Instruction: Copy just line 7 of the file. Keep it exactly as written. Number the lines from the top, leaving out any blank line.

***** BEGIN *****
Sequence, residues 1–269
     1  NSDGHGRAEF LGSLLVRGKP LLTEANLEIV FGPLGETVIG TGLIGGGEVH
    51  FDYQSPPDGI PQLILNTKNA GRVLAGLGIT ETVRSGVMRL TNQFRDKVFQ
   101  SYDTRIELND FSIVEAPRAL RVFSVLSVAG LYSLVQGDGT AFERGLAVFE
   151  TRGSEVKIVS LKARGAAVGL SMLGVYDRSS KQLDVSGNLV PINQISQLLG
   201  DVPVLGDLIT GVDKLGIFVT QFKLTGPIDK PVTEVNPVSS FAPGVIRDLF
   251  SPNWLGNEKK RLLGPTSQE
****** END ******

   251  SPNWLGNEKK RLLGPTSQE